The Prime Minister Kyriakos Mitsotakisat the invitation of the President of the United States Joe Biden, took part via video conference in the work of the 2nd Summit on Democracy, which is co-organized by the USA, Costa Rica, the Netherlands, South Korea and Zambia.

The prime minister participated in the thematic session entitled “Democracy brings economic growth and common prosperity”where he made the following intervention:

“Mister President,

I wholeheartedly share your view – which was expressed at the UN General Assembly in September – that real freedom is the ability to live your life to the fullest with dignity. But real freedom can only be achieved through real democracy.

Adam Smith argued that laws and institutions that protect the freedom of people to realize their full potential lead to greater prosperity for society as a whole.

In Greece we learned this the hard way. The deep economic crisis that has hit my country for much of the last decade has threatened the very fabric of Greek society and weakened our institutions.

Not anymore. In 2019, Greeks rejected dogma and stood for democratic resilience and reforms, based on strong legal frameworks, independent and representative institutions. In the four years that followed, my government prioritized the digitization of the state, fought corruption and passed hundreds of laws modernizing our country.

Our success lies not in a top-down management process, but in the ownership of these important reforms by well-informed, socially aware and active citizens who actively participate in an open, tolerant, free, pluralistic and democratic society.

At the same time, government accountability and transparency, a free press and equal access for all to a fair and impartial justice system are vital to achieving social justice and inclusive, equitable development.

I am proud to report that today Greece is one of only three countries in Europe that have integrated the 17 Sustainable Development Goals of the UN into their annual planning.

We continue and will continue to pursue reforms related to the digital transition and e-government, strengthening important direct participation for all civil society, but also giving a voice to both young and old.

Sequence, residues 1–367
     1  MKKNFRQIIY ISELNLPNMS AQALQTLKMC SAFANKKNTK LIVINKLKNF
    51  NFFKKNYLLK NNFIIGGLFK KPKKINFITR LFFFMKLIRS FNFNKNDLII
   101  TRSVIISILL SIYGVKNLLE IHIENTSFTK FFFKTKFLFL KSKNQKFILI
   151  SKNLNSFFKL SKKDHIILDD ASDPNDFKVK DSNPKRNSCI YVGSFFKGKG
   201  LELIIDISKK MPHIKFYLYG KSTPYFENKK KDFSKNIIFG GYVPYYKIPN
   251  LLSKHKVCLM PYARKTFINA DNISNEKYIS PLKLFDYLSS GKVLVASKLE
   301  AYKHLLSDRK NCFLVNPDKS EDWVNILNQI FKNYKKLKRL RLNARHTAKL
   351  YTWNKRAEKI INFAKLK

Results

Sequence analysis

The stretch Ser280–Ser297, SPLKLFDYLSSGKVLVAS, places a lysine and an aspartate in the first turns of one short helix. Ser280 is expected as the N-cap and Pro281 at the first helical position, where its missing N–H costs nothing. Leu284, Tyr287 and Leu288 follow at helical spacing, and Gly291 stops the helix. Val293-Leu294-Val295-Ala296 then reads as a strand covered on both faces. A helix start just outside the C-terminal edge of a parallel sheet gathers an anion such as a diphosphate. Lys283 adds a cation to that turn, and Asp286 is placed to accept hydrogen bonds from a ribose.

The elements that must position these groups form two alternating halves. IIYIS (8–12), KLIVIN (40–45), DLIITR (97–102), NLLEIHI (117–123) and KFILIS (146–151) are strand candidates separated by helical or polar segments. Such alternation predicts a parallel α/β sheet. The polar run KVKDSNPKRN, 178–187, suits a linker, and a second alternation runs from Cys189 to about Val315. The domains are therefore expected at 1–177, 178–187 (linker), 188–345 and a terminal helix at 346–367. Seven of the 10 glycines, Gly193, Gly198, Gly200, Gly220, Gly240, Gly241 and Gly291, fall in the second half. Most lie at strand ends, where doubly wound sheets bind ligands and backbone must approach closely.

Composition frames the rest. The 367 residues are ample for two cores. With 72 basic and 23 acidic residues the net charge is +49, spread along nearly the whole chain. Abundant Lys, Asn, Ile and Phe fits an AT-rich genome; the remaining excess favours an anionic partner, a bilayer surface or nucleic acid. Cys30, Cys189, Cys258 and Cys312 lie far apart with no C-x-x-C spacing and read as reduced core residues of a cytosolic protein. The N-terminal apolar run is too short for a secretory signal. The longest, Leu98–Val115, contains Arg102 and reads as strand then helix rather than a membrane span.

However, digital technology is not only a great promoter of economic growth, but also a great factor in democratization.

Digital innovation, technology and now artificial intelligence are helping policymakers deliver global solutions to complex geopolitical issues: from combating climate change to conserving areas with biodiversity, from providing green energy to understanding and managing the forces leading to mass migration.

At home, digital reform reduces red tape and administrative costs for businesses, provides a fairer and less complex tax system and enables everyone to access digital services.

We know that in countries that lack transparency, accountability and representation, with poor human rights and rule of law records, limited civil society participation, and no or few strong independent institutions, the pursuit of political agendas at the expense of economic development and welfare prevents citizens from reaching their full potential.

Today, the threat to our democratic way of life is perhaps more acute than at any time in the last three decades. For this reason we must never waver in promoting political, individual and economic rights, strengthening democratic institutions and the rule of law, defending accountability, fighting corruption and fighting for inclusiveness.